Commencement Stories: Terry Bedard and a Dream No Longer Deferred.
Terry Bedard is passionate about learning. It's in her DNA, part of the culture of her hospital, and a trait she tries to instill in each of her 65 employees. She believes in leading by example, and why the grandmother of seven went back to school and will graduate with a master of science in nursing from Excelsior College this year.
For those working in the criminal justice field, an inconsistent schedule and lack of time are two of the main barriers to pursuing a higher education. That's one of the reasons Excelsior College offers the Criminal Justice Training Assessment (CJTA) program, which helps law enforcement officials convert training to college credit.
Robert Wright, Jr., Ph.D., is an alumnus, who completed a study on nitric oxide connecting emotional and physical well-being to stress and feeling good. The study has potential impact to the healthcare industry and could save money on wellness.
Sociologist Dr. Christopher Davidson, an adjunct instructor at Excelsior College, joins the podcast to discuss Massively Open Online Courses (MOOCs), and what role, if any, they can or should play in higher education. Dr. Davidson argues that the reality of MOOCs is differs from how they are portrayed by the mainstream media and advocates.
Filmmaker and Thrillseeker: The Sorrow's Vernon Mortensen
By Alicia Jacobs, Excelsior Life News Staff--
Businessman, filmmaker and thrillseeker, Vernon Mortensen spent his entire life circling the globe, visiting more than 83 countries in search of adventure and fortune. Today he is following his dream of making movies after pursuing his education and a diversified career path. His life experiences are so varied, that they sound like roles in a movie. Mortensen has been an engineer, sailor, private investigator, US special operations commando, EMT, bodyguard, librarian, teacher and entrepreneur. Excelsior Life sat down with Mortensen, a graduate of Excelsior College, to learn about his current work, directing the western film, "The Sorrow."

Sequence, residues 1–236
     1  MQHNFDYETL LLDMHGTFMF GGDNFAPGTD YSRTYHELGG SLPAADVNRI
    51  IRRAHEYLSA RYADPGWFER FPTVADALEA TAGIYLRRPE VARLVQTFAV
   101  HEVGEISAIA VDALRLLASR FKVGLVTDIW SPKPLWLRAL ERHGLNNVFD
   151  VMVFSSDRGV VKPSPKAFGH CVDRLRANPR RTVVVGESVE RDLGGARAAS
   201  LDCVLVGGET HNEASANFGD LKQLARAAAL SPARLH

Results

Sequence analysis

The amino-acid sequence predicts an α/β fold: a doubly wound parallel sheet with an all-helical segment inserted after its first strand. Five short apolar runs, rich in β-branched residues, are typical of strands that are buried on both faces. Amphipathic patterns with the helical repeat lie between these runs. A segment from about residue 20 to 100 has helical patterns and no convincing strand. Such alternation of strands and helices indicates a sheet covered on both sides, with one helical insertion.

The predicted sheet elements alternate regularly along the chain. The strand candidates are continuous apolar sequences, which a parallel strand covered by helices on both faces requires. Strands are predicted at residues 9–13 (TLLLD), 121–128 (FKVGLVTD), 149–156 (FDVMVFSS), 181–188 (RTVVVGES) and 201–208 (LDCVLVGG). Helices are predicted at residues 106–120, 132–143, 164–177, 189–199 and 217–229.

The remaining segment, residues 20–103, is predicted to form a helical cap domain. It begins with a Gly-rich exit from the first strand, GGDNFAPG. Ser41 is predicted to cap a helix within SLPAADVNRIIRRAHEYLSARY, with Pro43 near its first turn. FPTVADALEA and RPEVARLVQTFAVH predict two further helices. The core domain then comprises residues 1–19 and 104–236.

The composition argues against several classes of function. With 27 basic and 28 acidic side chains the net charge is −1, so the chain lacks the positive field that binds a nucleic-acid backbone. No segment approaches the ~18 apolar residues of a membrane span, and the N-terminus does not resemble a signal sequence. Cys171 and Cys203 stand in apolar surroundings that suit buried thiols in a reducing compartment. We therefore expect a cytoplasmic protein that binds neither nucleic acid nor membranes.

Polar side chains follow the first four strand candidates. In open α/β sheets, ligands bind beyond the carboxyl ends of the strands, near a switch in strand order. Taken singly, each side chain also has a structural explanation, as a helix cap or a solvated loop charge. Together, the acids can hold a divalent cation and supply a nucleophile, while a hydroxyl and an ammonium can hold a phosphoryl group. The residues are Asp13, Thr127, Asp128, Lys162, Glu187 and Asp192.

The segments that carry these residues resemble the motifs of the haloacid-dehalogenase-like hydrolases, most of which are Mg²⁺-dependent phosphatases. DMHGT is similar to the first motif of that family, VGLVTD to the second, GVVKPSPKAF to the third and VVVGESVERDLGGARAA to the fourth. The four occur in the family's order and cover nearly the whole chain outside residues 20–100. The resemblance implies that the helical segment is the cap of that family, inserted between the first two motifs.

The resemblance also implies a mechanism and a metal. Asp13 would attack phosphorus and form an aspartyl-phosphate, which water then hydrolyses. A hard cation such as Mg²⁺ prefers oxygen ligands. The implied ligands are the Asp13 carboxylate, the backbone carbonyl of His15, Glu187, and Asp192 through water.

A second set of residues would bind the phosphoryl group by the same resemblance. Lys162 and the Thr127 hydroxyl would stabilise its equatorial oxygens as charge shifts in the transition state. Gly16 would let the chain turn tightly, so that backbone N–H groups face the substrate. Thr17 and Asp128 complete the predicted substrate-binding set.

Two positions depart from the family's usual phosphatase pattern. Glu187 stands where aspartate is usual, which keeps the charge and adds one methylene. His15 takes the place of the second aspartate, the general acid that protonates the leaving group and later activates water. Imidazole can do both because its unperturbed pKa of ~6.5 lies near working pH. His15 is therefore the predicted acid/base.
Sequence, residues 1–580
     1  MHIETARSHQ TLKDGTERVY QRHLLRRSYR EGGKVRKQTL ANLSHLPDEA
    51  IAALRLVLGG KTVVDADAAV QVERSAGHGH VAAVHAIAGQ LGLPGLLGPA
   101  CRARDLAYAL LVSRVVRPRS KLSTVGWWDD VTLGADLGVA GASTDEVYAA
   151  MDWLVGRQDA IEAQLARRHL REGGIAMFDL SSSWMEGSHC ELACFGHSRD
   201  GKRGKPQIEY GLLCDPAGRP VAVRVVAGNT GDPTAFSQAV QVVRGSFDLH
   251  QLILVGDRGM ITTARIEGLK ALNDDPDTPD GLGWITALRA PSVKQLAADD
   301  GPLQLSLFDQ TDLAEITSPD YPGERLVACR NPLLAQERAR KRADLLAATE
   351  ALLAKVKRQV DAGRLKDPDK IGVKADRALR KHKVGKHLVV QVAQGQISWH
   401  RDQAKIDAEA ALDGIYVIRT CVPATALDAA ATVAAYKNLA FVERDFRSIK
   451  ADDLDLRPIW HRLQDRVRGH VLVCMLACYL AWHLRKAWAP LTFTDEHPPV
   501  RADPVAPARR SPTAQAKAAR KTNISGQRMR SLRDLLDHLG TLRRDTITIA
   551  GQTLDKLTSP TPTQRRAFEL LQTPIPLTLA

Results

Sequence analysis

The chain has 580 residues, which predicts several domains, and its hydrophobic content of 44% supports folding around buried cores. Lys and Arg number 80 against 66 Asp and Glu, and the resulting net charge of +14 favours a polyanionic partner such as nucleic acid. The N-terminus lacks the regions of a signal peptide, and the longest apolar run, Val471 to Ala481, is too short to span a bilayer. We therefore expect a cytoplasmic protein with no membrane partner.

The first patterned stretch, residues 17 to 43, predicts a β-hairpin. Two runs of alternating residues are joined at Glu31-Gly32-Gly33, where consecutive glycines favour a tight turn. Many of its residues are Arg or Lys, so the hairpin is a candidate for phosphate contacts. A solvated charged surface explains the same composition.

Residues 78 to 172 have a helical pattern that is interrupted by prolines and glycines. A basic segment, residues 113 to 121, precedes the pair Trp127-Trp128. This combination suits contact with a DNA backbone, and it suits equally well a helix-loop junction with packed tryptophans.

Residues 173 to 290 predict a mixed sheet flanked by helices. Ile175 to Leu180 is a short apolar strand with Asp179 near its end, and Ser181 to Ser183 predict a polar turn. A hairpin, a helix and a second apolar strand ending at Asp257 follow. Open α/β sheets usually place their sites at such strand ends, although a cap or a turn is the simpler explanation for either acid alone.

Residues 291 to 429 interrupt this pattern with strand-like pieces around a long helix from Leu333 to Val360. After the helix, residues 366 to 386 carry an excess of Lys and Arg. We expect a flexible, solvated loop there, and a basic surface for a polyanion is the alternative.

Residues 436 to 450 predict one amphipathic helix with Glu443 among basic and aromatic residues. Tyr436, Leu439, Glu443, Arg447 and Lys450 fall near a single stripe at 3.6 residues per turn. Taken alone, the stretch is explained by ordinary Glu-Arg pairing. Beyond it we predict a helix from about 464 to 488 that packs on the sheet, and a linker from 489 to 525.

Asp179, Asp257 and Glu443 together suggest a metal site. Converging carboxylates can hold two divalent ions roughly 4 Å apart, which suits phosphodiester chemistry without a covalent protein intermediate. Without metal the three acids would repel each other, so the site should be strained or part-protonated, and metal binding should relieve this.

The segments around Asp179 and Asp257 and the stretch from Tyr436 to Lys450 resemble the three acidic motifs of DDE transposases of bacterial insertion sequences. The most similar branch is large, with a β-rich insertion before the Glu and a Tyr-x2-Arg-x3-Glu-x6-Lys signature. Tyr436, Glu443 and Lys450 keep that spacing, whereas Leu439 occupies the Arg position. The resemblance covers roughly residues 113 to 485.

Excelsior Life: Where did your passion for film making begin? Mortensen: When I was a kid, my dad's cousin worked as a Teamster for Universal Pictures and for two weeks he took me to work with him on the set of Back to the Future. I had full run of the set and watched everything that happened. That's where I fell in love with making movies.
Excelsior Life: What inspired you to get into this business? Mortensen: In Film School I made a short film called "Brothers" that was accepted into a film festival. One of the judges at the festival was Kirk Harris, founder of Rogue Arts, a company at which I am now a partner. I was blown away by Kirk's "can do" attitude and the way he was building his company up from nothing to be a real player in the indie movie business. We talked for a while at the festival and really hit it off. Soon I was developing scripts for Rogue Arts and eventually became a full partner.
Rogue Arts is one of only three US independent-production companies to successfully co-produce a feature film in Mexico using the Mexican Film Fund. The resulting movie, "The Kid: Chamaco" starring Martin Sheen, is a shining example of cross-border collaboration in the film industry.